Throwback Thursday – The Extinction of Carts

Like music played on wax cylinders, records, 8-tracks, cassettes and CDs, audio for radio has gone through an evolution over the years. When I started my career, we still used reel-to-reel tapes and carts. Music, commercials and show segments were recorded onto carts. They look like 8-tracks but they’re not the same thing. 

I discovered this stack of old carts at CJBK.

stack of carts with ancient labels on them, made by a label-maker, in red, blue and white Carts are simply plastic housings for lengths of reel-to-reel tape wound onto a mechanism that allows them to play in a loop. If you have a three-minute song, you make the cart 3:10 so as soon as it ends, it cues up to the start and it’s ready to play again. A special tone is recorded onto the tape so it knows when to stop. You can also apply other tones that will light up the cart machine’s buttons and alert you that the song is coming to an end.

A newscaster would hand you a stack of these things, each with a bit of audio that corresponded to their stories. Everyone dropped them at some point, and scrambled to get them back in order before the top of the hour.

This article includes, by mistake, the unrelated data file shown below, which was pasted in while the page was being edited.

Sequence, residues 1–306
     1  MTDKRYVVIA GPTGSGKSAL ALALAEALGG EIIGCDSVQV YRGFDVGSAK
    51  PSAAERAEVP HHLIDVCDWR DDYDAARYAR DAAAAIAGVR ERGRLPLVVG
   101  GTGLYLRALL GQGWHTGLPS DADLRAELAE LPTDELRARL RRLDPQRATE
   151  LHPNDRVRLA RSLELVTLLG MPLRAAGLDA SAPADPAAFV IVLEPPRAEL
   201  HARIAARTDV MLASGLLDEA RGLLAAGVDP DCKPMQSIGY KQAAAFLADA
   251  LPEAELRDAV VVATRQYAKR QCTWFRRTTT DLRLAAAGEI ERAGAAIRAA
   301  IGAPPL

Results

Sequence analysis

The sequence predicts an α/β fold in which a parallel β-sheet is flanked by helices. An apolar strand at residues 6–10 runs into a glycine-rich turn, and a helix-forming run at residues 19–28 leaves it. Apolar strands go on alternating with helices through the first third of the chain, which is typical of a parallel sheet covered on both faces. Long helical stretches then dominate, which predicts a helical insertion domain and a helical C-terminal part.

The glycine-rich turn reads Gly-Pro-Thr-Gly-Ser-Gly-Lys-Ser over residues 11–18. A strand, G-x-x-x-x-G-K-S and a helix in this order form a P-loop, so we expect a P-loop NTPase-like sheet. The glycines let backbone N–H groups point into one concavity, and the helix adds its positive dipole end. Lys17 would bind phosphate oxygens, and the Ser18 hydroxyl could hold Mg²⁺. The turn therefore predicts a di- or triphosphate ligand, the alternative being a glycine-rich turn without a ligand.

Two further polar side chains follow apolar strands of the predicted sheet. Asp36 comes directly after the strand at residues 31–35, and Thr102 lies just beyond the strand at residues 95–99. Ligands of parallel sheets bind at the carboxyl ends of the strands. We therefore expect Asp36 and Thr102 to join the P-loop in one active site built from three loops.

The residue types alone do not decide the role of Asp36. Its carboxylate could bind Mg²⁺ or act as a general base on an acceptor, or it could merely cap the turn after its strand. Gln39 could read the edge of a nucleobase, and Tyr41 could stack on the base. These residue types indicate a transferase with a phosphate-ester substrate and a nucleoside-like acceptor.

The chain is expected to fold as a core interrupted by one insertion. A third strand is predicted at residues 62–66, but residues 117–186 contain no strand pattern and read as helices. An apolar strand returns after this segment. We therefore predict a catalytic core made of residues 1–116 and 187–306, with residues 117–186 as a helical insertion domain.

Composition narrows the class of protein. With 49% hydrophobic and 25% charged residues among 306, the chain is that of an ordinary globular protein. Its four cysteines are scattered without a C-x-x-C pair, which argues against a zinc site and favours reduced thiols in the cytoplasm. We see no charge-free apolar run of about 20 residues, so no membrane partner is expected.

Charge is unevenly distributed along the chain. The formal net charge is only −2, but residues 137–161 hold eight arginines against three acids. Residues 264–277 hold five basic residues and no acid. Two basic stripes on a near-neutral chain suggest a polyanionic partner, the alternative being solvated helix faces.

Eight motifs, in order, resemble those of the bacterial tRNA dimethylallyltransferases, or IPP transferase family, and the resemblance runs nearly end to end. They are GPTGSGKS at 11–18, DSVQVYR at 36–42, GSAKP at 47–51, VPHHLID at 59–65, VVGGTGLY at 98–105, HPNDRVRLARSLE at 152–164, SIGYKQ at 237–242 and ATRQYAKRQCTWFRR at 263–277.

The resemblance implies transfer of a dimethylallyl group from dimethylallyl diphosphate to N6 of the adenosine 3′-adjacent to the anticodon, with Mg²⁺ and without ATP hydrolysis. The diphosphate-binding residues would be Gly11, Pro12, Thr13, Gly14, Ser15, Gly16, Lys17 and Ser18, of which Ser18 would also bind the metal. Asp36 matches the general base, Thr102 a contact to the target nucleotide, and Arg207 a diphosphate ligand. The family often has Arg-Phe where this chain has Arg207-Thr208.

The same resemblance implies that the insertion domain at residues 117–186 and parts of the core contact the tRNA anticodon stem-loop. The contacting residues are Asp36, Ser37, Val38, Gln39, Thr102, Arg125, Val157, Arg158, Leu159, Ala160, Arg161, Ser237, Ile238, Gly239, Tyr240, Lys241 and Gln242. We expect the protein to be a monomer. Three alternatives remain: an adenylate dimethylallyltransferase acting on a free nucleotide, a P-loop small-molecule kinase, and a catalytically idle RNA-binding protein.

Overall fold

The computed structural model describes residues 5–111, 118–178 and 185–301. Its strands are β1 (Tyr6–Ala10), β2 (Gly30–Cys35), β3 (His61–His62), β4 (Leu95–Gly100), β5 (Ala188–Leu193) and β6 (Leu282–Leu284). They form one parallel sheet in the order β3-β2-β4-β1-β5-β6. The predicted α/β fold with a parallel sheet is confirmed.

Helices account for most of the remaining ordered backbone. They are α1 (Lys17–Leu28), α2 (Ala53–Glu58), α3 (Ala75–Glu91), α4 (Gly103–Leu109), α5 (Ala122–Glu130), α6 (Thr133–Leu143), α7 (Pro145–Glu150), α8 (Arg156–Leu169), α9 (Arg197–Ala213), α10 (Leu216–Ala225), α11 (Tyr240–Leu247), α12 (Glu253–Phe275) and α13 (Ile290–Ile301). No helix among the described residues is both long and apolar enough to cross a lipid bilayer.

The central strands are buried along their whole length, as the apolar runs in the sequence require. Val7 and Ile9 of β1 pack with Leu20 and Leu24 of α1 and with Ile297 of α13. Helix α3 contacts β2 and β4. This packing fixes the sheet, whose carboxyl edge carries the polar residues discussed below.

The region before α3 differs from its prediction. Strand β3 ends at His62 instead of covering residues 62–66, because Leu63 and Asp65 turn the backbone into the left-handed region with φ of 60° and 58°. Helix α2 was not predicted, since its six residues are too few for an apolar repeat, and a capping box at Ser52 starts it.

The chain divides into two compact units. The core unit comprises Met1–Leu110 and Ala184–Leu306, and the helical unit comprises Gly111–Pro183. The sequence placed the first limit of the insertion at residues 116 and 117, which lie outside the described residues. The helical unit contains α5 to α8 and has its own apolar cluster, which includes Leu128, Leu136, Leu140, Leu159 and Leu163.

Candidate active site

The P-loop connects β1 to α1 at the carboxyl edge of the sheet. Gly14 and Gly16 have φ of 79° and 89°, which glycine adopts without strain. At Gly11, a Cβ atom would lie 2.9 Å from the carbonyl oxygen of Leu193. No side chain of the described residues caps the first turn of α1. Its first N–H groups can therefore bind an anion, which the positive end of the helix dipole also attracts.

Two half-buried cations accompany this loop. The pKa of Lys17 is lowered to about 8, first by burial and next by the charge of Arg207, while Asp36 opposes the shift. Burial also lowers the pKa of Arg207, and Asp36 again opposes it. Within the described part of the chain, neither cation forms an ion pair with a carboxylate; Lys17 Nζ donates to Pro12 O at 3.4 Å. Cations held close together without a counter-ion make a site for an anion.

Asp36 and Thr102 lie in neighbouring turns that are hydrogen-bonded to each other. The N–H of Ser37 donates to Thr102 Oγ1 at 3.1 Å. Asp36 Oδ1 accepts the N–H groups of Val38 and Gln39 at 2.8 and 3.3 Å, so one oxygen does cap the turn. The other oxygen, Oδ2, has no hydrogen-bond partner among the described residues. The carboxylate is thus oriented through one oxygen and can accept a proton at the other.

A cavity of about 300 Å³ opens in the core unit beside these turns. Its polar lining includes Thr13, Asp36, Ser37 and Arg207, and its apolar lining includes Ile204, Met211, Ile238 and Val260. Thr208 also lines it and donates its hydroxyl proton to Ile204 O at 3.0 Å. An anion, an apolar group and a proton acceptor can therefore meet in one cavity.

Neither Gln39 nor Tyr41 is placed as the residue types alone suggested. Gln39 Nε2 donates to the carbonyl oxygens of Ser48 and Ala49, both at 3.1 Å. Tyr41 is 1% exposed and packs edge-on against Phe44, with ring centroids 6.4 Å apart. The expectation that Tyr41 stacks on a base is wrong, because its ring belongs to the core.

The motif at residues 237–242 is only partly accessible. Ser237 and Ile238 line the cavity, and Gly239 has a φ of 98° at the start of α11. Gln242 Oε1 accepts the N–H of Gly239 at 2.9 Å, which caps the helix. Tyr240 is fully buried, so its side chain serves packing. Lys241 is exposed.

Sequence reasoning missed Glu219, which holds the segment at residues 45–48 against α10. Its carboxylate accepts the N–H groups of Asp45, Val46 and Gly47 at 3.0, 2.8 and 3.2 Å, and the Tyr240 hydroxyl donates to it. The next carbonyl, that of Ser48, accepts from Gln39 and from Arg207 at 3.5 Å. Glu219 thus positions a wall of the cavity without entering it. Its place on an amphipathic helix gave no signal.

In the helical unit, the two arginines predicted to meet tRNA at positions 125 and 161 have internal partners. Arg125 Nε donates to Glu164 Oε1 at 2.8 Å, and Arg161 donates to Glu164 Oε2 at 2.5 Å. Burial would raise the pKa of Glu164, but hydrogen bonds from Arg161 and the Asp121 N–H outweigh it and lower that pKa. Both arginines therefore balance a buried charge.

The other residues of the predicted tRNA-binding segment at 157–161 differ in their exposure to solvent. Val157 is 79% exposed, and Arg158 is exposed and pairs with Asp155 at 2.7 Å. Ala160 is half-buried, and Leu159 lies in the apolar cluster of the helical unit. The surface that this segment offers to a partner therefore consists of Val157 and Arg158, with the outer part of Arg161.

They were also a favourite projectile for the stressed-out among us. You’d see one coming and duck just in time. It would shatter against the wall. I worked with two childish talk show hosts in Hamilton who used to erase each other’s carted commentary and then claim ignorance as to how it happened.

Which brings us to erasing. When I started college at Niagara, the second-year broadcasting students warned us about the upcoming “bulk erasing test”. They were preying on our lack of knowledge for their own amusement. Bulk erasing was a simple but boring task. This is a bulk eraser.

metal cube with a copper-looking layer on top and a simple switch on the side

You flip the switch to fire it up and rub the cart back and forth on the top until the recording is gone. If you didn’t do it properly, sometimes a faint version of the old recording could be heard under the new recording and you’d have to start all over again.

There were all sorts of pitfalls with carts. If you didn’t bother to locate the tape splice, you’d end up with a “drop out” in the audio. The tape eventually wore out and the sound quality would drop. You wouldn’t know it until the cart was played on air, and there was always one, final, awful play before a cart was “pulled”. They were tedius to make and maintain but they were all we had at the time.

Radio is less tactile now. Everything is digital. There’s no need to mark tape with a grease pencil, cut it with a razor and tape it expertly so there’s no gap. I loved that whole process but things are definitely better now.

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